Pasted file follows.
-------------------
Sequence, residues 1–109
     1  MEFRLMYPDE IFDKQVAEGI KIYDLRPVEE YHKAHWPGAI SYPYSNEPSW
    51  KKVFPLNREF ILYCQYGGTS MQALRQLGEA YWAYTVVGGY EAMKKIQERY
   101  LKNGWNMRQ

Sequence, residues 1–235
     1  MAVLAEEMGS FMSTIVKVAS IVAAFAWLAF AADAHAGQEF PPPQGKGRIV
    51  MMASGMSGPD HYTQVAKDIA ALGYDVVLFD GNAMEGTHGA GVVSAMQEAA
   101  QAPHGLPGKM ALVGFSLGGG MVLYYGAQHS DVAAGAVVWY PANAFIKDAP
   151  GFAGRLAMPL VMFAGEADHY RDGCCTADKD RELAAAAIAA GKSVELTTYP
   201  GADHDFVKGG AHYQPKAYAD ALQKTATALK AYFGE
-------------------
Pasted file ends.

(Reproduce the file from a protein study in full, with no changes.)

Sequence, residues 1–109
     1  MEFRLMYPDE IFDKQVAEGI KIYDLRPVEE YHKAHWPGAI SYPYSNEPSW
    51  KKVFPLNREF ILYCQYGGTS MQALRQLGEA YWAYTVVGGY EAMKKIQERY
   101  LKNGWNMRQ

Sequence, residues 1–235
     1  MAVLAEEMGS FMSTIVKVAS IVAAFAWLAF AADAHAGQEF PPPQGKGRIV
    51  MMASGMSGPD HYTQVAKDIA ALGYDVVLFD GNAMEGTHGA GVVSAMQEAA
   101  QAPHGLPGKM ALVGFSLGGG MVLYYGAQHS DVAAGAVVWY PANAFIKDAP
   151  GFAGRLAMPL VMFAGEADHY RDGCCTADKD RELAAAAIAA GKSVELTTYP
   201  GADHDFVKGG AHYQPKAYAD ALQKTATALK AYFGE